Our body is made of more than ten trillion cells (a number that looks like this 10.000.000.000.000). When we were conceived, however, we were a single cell!
Embryonic development is that process that drives the formation of this vast number of different cells, each one executing a diverse task: transmitting the electrical impulses (neurons in the brain), contracting (muscle and pumping heart cells), transporting oxygen (red blood cells), and many others.
The problem is that all the cells within an organism (with very rare exceptions) possess the same genetic material. How could a single “instruction manual” impose a different identity to each cell?
The Cantù Lab at LiU is focused on this important goal: to discover the mechanisms of genome regulation that drive specialization during embryonic development.
Our efforts are not only aimed at solving the incredible mechanisms that generate this complexity but might also impact our understanding of human disease. Several human pathological conditions, in fact, arise precisely when the mechanisms of cell-cell communication and genome-regulation are perturbed. For example, those mechanisms that drive extensive cell proliferation in a growing embryo might be aberrantly reactivated in an adult organism and can cause cancer.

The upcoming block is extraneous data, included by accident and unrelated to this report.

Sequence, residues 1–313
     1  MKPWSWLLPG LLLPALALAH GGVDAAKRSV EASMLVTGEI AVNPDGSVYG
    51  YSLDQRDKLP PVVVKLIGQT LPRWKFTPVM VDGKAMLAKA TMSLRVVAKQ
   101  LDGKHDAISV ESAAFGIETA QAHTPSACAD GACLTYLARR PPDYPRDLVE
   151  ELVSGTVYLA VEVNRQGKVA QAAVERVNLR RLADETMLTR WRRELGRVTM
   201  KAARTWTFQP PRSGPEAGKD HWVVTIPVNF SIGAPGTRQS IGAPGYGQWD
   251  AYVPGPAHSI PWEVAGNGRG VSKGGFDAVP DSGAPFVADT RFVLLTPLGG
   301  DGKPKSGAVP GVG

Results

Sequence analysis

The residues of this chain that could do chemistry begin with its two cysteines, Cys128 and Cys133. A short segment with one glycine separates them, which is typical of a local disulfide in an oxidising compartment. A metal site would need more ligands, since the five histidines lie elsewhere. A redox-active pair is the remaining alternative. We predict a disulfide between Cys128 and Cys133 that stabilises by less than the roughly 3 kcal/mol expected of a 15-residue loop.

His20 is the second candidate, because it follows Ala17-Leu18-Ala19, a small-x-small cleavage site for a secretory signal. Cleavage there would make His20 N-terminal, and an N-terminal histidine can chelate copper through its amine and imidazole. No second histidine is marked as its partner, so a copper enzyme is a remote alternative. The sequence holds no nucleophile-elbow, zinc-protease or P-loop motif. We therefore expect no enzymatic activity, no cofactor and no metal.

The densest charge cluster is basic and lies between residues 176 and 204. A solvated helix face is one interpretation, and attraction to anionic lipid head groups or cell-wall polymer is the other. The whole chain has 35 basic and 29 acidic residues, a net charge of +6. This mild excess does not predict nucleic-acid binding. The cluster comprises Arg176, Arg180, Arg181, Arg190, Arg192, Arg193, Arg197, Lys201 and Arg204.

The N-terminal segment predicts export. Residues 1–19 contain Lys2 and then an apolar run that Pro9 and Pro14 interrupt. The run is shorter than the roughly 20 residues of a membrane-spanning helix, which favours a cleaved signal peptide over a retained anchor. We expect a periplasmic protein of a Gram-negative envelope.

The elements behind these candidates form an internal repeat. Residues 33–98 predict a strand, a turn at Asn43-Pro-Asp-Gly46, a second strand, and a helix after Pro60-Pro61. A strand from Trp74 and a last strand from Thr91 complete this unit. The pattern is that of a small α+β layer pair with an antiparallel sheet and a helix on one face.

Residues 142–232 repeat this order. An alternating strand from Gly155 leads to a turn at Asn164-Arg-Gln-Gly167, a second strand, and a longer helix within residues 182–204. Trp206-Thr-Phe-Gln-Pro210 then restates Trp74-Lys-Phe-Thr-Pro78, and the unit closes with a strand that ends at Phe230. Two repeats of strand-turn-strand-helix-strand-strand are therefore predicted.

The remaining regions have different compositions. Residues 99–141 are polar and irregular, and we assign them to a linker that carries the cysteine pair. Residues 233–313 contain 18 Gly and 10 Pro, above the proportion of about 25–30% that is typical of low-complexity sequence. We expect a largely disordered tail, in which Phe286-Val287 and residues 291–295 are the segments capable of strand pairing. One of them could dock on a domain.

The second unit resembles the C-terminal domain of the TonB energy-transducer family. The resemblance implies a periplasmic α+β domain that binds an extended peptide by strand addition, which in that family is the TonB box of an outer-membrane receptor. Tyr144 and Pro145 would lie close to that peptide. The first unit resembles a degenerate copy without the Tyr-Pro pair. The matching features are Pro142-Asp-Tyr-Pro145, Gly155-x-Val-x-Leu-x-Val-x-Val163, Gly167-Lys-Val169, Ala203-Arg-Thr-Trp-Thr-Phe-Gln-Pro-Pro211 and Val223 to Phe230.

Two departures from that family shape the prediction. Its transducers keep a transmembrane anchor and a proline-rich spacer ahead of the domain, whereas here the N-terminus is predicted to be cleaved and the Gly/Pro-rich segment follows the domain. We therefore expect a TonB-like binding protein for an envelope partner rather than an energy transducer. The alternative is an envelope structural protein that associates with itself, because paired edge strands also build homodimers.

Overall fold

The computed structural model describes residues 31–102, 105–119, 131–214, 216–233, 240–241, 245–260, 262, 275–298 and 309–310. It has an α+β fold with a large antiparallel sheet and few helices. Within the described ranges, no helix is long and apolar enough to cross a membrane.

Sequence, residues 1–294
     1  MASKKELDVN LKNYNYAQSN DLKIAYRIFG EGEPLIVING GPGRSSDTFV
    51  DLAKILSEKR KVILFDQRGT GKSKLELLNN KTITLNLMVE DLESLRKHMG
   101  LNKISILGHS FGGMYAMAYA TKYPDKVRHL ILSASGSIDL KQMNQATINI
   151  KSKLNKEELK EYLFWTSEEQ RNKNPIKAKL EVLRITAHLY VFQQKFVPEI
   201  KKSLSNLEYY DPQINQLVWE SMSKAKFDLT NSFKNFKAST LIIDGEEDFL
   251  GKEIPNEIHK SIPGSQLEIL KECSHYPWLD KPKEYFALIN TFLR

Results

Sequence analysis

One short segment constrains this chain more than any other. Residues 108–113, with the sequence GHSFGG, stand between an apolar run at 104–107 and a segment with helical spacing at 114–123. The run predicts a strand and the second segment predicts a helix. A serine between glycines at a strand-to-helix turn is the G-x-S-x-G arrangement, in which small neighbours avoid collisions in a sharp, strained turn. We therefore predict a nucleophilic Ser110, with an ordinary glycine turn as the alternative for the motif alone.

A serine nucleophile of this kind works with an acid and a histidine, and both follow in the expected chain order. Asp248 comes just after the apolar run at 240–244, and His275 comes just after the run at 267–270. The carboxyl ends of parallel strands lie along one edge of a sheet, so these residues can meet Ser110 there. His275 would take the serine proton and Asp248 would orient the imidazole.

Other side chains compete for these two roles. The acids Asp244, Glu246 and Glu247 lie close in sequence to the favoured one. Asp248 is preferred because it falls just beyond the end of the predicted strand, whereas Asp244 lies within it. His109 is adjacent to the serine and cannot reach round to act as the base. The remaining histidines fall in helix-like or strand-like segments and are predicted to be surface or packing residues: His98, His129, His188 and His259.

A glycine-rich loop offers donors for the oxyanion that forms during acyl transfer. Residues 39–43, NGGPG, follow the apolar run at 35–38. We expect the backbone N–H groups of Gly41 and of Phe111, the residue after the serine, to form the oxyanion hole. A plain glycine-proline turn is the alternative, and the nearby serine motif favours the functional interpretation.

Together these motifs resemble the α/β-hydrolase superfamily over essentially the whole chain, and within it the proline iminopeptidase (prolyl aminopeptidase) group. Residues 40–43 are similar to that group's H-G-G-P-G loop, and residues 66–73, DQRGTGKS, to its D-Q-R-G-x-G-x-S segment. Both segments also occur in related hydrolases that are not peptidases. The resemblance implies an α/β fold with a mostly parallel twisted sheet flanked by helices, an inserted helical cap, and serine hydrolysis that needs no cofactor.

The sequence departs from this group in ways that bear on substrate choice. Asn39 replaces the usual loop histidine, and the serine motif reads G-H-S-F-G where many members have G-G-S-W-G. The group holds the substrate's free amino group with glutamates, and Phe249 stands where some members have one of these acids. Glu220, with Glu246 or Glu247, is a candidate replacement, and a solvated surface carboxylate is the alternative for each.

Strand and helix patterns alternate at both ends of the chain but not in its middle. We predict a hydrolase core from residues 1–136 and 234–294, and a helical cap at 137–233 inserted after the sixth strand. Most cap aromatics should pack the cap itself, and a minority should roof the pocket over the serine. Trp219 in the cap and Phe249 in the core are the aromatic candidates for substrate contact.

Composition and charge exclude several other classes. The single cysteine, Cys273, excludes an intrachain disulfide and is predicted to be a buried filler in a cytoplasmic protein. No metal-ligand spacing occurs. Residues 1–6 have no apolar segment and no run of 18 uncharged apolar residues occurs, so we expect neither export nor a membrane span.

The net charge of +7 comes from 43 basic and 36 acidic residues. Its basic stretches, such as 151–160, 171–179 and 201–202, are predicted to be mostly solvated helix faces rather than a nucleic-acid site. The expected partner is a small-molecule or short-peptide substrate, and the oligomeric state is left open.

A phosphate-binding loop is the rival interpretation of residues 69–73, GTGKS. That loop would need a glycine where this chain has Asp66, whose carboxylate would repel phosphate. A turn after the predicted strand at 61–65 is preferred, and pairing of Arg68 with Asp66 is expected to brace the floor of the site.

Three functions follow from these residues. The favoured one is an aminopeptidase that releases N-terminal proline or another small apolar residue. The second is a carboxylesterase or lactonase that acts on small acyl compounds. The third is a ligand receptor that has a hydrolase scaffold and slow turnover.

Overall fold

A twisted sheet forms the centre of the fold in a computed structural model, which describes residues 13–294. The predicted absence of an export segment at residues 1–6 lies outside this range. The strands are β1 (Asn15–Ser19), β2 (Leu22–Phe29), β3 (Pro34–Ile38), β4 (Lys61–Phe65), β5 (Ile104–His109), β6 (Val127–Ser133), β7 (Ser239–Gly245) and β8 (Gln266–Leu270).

Hence, the discovery of novel molecular details of embryonic development bears the potential of generating new marker for disease disagnosis and, perhaps in the future, novel therapeutic avenues for curing such diseases.
In the Cantù lab we make use of sophisticated tools, from mouse genetics to high-throughput state-of-the-art biochemical approaches, to discover the composition of signals and the protein “arsenal” that, in each cell type, allows the activation of the correct genes, while leaving silent many others.
Our experimental efforts are focused on the so-called ‘Wnt signalling pathway’, a molecular cascade important for virtually all aspects of development, and whose deregulation causes human malformations and several forms of aggressive cancers, among which colorectal cancer.